China's Quota Mess: Which Hollywood Blockbusters Could Get Left Out?
The studios and state-run China Film Group are still at odds as observers claim home-grown titles get all the advantages. Says one source, "The Chinese have done a great job of marginalizing our movies while pushing their own."
This story first appeared in the Oct. 11 issue of The Hollywood Reporter magazine.
As Leonardo DiCaprio and Harvey Weinstein were visiting China in late September to promote Wanda Group's $8.2 billion studio project, new tensions were brewing between Hollywood and the state-run China Film Group. Studio sources in Beijing tell THR the government's annual quota of 34 foreign movies is perilously close to full, though it remains unclear whether that means some high-profile U.S. films will be denied coveted releases in 2013.
"The slots do all appear to have been filled, but it's always difficult to tell in China whether they might allow more -- you can never be certain," says one source. Another insider says the quota is "a fluid number, not set in stone."
Relations between Hollywood and China worsened this year after China Film Group refused to hand over hundreds of millions of dollars in box-office revenue because of a dispute over tax rates. The MPAA negotiated a deal in August that requires CFG to pay $100 million to $150 million owed. But now U.S. studio releases could be sidelined.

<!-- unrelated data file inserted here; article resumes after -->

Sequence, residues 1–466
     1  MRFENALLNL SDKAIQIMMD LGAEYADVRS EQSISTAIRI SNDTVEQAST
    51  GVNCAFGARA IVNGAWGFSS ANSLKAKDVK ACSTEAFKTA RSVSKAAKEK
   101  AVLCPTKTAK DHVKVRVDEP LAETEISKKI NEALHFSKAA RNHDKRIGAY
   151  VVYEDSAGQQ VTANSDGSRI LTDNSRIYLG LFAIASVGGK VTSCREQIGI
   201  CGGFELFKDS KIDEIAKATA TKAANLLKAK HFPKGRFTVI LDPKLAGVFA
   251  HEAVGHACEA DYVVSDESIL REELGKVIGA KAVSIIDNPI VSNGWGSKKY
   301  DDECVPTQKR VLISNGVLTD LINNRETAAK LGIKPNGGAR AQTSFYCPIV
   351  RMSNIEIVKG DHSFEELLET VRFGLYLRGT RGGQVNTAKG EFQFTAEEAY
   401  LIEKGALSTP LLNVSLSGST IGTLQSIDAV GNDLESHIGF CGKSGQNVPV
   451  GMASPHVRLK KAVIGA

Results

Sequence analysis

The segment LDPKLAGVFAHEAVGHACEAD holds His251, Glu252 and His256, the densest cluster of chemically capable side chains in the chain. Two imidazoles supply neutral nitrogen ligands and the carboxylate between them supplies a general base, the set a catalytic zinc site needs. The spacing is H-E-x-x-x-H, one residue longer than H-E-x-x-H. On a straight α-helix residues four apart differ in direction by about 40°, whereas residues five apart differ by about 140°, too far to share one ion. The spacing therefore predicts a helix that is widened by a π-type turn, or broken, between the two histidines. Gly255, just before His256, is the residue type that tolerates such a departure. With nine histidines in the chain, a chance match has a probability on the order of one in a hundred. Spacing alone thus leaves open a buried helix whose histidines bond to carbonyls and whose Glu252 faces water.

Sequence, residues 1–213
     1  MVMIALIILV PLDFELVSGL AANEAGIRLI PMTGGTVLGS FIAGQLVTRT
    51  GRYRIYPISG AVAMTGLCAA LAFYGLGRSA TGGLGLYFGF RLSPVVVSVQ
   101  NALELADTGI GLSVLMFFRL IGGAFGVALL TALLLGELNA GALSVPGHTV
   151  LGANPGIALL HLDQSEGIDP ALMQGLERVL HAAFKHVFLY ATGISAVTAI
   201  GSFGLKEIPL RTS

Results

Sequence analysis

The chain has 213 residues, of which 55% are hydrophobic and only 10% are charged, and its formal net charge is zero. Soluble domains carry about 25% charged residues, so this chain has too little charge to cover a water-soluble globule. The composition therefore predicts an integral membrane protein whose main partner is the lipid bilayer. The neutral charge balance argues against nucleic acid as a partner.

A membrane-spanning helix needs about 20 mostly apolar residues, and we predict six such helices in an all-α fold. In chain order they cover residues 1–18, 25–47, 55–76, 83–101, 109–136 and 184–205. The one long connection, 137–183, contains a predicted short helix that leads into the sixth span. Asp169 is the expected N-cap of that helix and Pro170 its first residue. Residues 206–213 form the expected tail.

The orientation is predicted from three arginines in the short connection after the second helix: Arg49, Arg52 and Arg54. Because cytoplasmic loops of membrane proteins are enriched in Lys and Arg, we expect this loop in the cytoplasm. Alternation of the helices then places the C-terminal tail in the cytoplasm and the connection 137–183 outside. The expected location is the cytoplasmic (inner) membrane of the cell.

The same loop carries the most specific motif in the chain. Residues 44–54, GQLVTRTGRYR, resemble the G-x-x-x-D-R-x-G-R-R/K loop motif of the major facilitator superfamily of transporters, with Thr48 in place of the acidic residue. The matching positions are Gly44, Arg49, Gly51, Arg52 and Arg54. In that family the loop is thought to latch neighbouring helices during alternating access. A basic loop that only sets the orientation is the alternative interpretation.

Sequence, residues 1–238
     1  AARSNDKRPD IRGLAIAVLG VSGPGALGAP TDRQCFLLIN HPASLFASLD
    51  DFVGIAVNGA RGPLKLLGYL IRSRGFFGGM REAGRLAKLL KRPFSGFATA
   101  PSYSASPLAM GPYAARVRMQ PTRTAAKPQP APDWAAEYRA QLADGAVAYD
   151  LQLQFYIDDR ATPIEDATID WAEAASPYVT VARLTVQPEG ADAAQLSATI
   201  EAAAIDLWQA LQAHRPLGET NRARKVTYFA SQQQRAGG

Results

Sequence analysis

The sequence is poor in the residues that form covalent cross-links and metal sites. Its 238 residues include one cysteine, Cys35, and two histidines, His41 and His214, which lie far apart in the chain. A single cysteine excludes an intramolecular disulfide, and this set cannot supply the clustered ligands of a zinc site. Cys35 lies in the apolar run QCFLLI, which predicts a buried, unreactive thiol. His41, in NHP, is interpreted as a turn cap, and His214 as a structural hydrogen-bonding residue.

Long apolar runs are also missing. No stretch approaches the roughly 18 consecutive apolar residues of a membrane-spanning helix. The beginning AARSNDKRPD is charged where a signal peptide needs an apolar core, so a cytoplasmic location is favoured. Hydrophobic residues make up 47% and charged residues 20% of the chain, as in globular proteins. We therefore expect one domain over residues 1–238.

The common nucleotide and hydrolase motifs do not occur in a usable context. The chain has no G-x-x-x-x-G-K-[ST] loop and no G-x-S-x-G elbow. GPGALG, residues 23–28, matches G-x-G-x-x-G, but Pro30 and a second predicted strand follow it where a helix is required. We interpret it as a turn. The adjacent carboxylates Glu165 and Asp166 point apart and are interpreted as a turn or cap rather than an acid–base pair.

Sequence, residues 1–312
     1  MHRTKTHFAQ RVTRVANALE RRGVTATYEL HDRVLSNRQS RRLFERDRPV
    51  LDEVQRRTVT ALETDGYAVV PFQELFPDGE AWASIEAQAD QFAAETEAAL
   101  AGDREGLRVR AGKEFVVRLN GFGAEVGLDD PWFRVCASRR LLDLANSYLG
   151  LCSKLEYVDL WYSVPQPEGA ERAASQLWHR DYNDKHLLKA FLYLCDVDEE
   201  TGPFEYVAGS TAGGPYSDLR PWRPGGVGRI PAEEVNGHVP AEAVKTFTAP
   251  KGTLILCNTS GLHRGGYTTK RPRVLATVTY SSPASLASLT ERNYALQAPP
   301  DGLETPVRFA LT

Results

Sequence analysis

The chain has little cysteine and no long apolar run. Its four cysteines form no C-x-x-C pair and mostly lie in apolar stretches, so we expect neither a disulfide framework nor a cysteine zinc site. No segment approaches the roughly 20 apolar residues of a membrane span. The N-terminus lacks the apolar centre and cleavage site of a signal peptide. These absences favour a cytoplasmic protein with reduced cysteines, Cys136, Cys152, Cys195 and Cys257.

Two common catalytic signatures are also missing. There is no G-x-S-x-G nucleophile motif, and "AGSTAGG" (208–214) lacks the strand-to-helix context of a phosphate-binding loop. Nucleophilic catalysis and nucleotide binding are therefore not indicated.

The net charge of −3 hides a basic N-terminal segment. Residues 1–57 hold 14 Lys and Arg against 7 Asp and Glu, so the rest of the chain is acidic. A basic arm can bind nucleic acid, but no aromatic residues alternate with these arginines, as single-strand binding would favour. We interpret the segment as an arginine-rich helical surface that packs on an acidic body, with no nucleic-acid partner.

Sources say some big titles -- including The Lone Ranger (October), The Hobbit: The Desolation of Smaug and Thor: The Dark World (November) and The Hunger Games: Catching Fire (December) -- already have been approved for release. But there are no slots available for other Hollywood movies, meaning such major titles as Summit/Lionsgate's Ender's Game and Disney's Planes could be out.
In 2012, China expanded its quota of overseas movies from about 20 to 34 a year, including 3D and Imax films. Since then, CFG has made several moves favoring homegrown titles over Hollywood fare. The result: Box-office revenue for domestic movies in China overtook that for foreign films during the first half of 2013. Of 146 titles screened in China during that span, 117 were domestic productions, and domestic film revenue was up 124 percent compared with the same period in 2012.
The boom means there are 16 total movies in release during the Golden Week holiday that began Oct. 1 -- and nearly all are China-made films. Says one overseas studio source, "The Chinese have done a great job of marginalizing our movies while pushing their own."
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